Weather Blog - Rain At The Summit In Greenland For The First Time

From The National Snow & Ice Data Center
Posted at 8:53 AM, Sep 16, 2021
and last updated 2021-09-16 09:56:44-04

Good morning bloggers,

The weather pattern is changing gradually right now. Something unusual happened last month over Greenland. From The National Snow & Ice Data Center: "On August 14, 2021, rain was observed at the highest point on the Greenland Ice Sheet for several hours, and air temperatures remained above freezing for about nine hours. This was the third time in less than a decade, and the latest date in the year on record, that the National Science Foundation’s Summit Station had above-freezing temperatures and wet snow. There is no previous report of rainfall at this location (72.58°N 38.46°W), which reaches 3,216 meters (10,551 feet) in elevation. Earlier melt events in the instrumental record occurred in 1995, 2012, and 2019; prior to those events, melting is inferred from ice cores to have been absent since an event in the late 1800s. The cause of the melting event that took place from August 14 to 16, 2021, was similar to the events that occurred this late July, where a strong low pressure center over Baffin Island and high air pressure southeast of Greenland conspired to push warm air and moisture rapidly from the south."

From The National Snow & Ice Data Center

"Widespread surface melting and an extensive rainfall event along the southeast coast extending up to the Summit region of Greenland occurred on August 14 and 15, with melt area returning to moderate levels on August 16 (Figure 1a). Melt extent peaked at 872,000 square kilometers (337,000 square miles)on August 14, dropping to 754,000 square kilometers on the 15 and 512,000 square kilometers (198,000 square miles) on August 16. Only 2012 and 2021 have had more than one melt event of 800,000 square kilometers (309,000 square miles) in extent, and the August 14 event was the latest date for this scale of melt extent in the satellite record.

Temperatures surpassed the freezing point at Summit Station around 0700 UTC (5:00 am local time) on August 14, and the rain event began at the same time (Figure 1b). For the next several hours, rain fell and water droplets were seen on surfaces near the camp as reported by on-station observers. At about 1400 UTC the snow surface began to form thin sheets of ice crystals as the rain froze into the snow. Winds were 9.8 meters per second (22 miles per hour) from the southwest with a mix of freezing and non-freezing rain. Temperatures peaked at 0.48 degrees Celsius (33 degrees Fahrenheit) around 10:40 UTC and dropped below freezing around 16:20 UTC. Temperatures fell steadily through the evening. As skies cleared late in the evening, a sharp cooling brought temperatures to -8.5 degrees Celsius (16.7 degrees Fahrenheit) early on August 15 (Figure 2). Temperatures at Summit did not reach the melting point on August 15 or 16.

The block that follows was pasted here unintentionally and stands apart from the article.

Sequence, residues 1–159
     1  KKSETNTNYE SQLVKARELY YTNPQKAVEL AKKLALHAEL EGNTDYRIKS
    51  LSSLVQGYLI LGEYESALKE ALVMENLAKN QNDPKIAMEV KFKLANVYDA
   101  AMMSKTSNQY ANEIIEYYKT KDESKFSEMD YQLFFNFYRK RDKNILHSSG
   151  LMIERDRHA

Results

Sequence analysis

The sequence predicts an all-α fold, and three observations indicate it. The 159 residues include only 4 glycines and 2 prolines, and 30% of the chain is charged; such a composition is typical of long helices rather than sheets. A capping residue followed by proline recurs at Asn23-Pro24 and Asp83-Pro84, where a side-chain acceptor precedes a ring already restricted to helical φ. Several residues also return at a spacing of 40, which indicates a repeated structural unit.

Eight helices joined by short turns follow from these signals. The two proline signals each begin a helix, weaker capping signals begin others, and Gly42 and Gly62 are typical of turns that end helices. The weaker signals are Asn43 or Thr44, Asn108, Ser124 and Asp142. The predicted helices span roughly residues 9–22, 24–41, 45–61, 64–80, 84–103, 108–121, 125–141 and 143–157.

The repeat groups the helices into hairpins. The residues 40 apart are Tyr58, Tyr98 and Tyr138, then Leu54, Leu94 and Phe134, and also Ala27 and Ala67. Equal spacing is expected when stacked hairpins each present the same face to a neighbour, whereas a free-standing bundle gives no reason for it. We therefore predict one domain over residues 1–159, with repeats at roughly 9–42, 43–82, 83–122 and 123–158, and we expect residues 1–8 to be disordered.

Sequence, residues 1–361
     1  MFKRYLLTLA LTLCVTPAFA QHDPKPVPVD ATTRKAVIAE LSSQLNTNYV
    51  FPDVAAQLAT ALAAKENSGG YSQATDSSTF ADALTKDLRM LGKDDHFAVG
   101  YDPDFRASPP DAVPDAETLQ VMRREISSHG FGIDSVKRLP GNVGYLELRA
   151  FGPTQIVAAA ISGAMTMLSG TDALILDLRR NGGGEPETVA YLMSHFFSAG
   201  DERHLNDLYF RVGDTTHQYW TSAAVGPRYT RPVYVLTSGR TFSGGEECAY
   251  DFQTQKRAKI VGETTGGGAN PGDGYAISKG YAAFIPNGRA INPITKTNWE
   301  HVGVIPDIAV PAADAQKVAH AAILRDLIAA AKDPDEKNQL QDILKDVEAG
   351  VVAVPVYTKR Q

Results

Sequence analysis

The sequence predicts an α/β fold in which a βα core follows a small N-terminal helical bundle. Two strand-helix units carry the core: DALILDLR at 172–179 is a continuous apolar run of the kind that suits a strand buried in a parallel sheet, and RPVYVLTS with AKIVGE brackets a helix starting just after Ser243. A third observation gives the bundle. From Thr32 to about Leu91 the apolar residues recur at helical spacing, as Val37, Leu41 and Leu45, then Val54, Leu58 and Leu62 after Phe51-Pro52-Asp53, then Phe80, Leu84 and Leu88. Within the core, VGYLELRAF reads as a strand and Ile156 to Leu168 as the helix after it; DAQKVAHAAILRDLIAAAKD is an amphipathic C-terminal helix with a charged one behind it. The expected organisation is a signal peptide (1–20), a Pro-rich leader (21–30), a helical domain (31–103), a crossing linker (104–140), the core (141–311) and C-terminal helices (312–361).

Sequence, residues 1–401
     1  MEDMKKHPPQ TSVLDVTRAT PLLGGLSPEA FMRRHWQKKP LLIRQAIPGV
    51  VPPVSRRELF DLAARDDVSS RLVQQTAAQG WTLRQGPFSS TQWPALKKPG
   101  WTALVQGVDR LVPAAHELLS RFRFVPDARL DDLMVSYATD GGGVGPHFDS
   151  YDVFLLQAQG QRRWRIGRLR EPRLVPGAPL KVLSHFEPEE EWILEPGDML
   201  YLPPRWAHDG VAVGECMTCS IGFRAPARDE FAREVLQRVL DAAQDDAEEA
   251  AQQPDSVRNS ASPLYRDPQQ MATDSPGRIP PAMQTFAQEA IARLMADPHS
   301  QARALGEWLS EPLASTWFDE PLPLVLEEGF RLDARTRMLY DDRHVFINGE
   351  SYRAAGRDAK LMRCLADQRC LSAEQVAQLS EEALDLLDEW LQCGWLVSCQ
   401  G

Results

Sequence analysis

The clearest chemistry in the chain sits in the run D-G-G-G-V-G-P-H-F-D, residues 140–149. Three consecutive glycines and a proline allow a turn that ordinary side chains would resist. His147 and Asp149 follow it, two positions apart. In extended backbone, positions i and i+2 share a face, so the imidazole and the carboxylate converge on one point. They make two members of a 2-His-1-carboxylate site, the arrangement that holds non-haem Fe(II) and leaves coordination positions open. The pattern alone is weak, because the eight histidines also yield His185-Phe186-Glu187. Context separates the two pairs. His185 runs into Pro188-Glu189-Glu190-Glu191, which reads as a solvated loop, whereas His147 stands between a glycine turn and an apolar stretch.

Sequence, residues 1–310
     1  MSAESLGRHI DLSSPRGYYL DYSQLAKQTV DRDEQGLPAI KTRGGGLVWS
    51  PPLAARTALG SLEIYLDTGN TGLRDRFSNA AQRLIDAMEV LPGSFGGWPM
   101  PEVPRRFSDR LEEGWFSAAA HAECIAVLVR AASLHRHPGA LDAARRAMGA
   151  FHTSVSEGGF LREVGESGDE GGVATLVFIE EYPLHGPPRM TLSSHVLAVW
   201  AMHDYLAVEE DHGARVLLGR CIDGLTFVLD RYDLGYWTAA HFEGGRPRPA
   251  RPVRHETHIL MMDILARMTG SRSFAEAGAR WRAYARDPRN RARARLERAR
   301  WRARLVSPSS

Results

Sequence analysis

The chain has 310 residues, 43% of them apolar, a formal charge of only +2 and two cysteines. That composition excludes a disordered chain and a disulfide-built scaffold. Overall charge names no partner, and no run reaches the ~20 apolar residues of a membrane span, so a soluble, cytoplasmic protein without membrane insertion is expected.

The total aerial extent of surface melting (total melt-day extent) for 2021 through August 16 is 21.3 million square kilometers (8.2 million square miles), tied for the fourteenth highest total to date, and well above the 1981 to 2010 average of 18.6 million square kilometers (7.2 million square miles)."

Daily Melt Extent

The weather pattern is still cycling through the same one that set up last fall, in early October. We are still around three weeks away from the new LRC developing. Right now, it is actually getting very cold over Greenland. Look at the latest data from this morning's GFS model:

Surface Temperatures Tonight

The cold over Greenland stands out. Look at that 35 degrees below zero air up there forecast to develop tonight. As cold air masses form over Canada, Greenland, and Siberia, the jet stream will be getting stronger and the new LRC will set up in October. For now, it is the same pattern in Kansas City. During the next few weeks we will discuss what causes the jet stream and how it influences our weather.

For now, Kansas City has had a very calm year. It is our second year in a row without a Tornado Watch, which is incredible. And, winter was fairly tame with just 15.5" of snow. We have not had any major weather disasters in our area, which is a good thing. So, let's enjoy this last few days of summer. It will be great for baseball today, and a nice weekend is ahead of us. The only chance of rain I see right now is Friday evening, and the thunderstorms that form will have to be monitored for Friday Night Lights. We just have a 20% chance of rain right now in KC.

Go Royals! Salvador Perez will be going for his 45th home run of the season, and he leads the American League in RBIs. Get that sunscreen on and Go Royals!

Salvador Perez Goes For His 45th Home Run Today At The K

Thank you for sharing in this weather experience. Have a great day!